Flushable wipes and other not-so-flushable products are causing problems for waste treatment plants.

"Toilets are not garbage cans," said Barry Orr, from the municipal enforcement sewer use group. "This material should be going into the garbage can."

Flushable wipes

Barry Orr, from the municipal enforcement sewer use group, is trying to educate people on why they shouldn't dispose of so-called flushable wipes in their toilets. (CBC News)

He gave CBC News reporter Lorenda Reddekopp a tour of a Durham Region waste treatment plant, showing her the bacon grease, paper towels, so-called flushable wipes and other products that people have been getting rid of through their toilets. The plant ships a bin of non-disposable materials to a dump daily.

People can easily dispose of these items using a garbage can, he explained. 

"It makes a big difference on our waste water system, on our tax dollars and on our environment too."

Flushable wipes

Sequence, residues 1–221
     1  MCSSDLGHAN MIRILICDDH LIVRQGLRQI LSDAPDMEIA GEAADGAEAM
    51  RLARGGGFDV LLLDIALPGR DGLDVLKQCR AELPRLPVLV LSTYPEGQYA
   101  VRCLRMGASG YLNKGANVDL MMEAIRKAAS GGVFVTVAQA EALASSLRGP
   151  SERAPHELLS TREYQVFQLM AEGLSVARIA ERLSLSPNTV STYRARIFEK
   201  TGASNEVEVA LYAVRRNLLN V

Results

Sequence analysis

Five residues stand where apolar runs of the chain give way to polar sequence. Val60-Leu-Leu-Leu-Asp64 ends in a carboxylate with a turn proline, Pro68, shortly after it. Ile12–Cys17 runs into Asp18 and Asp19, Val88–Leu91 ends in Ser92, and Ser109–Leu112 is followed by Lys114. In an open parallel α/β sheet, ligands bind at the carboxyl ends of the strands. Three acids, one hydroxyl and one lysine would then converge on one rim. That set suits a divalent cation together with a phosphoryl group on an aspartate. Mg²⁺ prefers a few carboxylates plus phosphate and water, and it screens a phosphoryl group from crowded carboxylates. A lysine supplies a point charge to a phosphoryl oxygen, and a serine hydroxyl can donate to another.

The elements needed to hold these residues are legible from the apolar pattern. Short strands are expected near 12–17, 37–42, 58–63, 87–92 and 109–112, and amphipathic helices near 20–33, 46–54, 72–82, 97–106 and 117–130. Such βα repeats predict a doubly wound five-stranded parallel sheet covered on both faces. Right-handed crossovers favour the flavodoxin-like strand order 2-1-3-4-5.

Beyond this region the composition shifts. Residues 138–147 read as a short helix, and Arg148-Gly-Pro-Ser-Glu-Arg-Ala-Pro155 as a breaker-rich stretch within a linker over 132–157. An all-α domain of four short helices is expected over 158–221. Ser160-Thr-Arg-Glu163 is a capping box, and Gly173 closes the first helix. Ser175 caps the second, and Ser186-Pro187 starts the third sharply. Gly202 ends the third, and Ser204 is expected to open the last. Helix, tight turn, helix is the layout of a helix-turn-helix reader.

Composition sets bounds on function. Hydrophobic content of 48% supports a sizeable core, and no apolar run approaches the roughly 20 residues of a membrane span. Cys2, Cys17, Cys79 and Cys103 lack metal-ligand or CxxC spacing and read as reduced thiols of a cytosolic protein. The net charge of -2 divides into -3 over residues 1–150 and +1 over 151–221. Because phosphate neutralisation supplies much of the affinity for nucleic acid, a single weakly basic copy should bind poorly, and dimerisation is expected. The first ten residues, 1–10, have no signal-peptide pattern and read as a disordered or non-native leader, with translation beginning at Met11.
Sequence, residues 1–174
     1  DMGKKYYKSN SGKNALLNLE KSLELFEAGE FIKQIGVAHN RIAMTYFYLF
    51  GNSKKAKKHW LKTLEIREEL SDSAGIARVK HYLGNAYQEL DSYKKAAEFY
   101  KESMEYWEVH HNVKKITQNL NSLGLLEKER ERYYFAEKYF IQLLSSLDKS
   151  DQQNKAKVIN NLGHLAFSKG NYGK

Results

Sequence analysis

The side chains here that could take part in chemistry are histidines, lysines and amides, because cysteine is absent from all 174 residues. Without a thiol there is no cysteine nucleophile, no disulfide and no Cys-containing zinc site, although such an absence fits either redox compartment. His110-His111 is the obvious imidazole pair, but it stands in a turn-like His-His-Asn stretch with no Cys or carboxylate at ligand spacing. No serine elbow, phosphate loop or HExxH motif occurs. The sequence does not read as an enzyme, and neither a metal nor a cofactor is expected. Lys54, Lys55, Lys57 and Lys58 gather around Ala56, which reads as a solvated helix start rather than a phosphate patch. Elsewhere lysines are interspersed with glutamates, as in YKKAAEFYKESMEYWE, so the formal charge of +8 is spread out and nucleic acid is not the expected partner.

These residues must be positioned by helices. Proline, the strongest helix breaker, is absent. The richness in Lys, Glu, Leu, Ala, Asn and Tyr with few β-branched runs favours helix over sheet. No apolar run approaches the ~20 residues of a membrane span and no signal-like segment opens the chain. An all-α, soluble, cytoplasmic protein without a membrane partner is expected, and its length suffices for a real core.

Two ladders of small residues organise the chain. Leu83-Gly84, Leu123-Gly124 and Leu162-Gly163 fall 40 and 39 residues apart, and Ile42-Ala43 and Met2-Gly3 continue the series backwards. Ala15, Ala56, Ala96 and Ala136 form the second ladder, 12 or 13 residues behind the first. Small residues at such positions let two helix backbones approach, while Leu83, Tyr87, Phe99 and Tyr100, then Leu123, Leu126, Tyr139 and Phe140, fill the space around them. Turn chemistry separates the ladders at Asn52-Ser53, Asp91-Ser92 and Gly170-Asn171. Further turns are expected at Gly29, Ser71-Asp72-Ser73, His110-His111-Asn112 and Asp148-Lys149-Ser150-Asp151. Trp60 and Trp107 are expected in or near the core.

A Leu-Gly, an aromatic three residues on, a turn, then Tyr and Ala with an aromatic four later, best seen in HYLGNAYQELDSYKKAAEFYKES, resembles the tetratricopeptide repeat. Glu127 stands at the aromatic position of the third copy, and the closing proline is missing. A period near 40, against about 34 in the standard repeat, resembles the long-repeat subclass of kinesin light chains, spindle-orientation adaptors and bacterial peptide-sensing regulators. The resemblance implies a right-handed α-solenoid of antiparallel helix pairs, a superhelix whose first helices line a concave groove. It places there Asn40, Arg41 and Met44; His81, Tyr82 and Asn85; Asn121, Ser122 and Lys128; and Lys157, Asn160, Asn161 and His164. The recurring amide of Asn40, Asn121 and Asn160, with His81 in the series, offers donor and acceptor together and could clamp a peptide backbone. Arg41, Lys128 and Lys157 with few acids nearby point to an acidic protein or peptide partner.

Holly Tetzlaff, 14, compared the breakdown of toilet paper to disposable wipes for her science fair project. (CBC News)

The wipes and other materials are causing sewer back-ups in residential basements and ruining city equipment, said John Presta of the region's works department. Damaged pumps have to be replaced or repaired, which can cost hundreds of thousands of dollars.

Holly Tetzlaff, 14, compared the breakdown of toilet paper to so-called flushable wipes for a science project. She took her study all the way to the national science fair.

"There is no standard definition for what is flushable," she said. "There's no standardized testing that the flushable wipes actually have to go through."

With files from CBC's Lorenda Reddekopp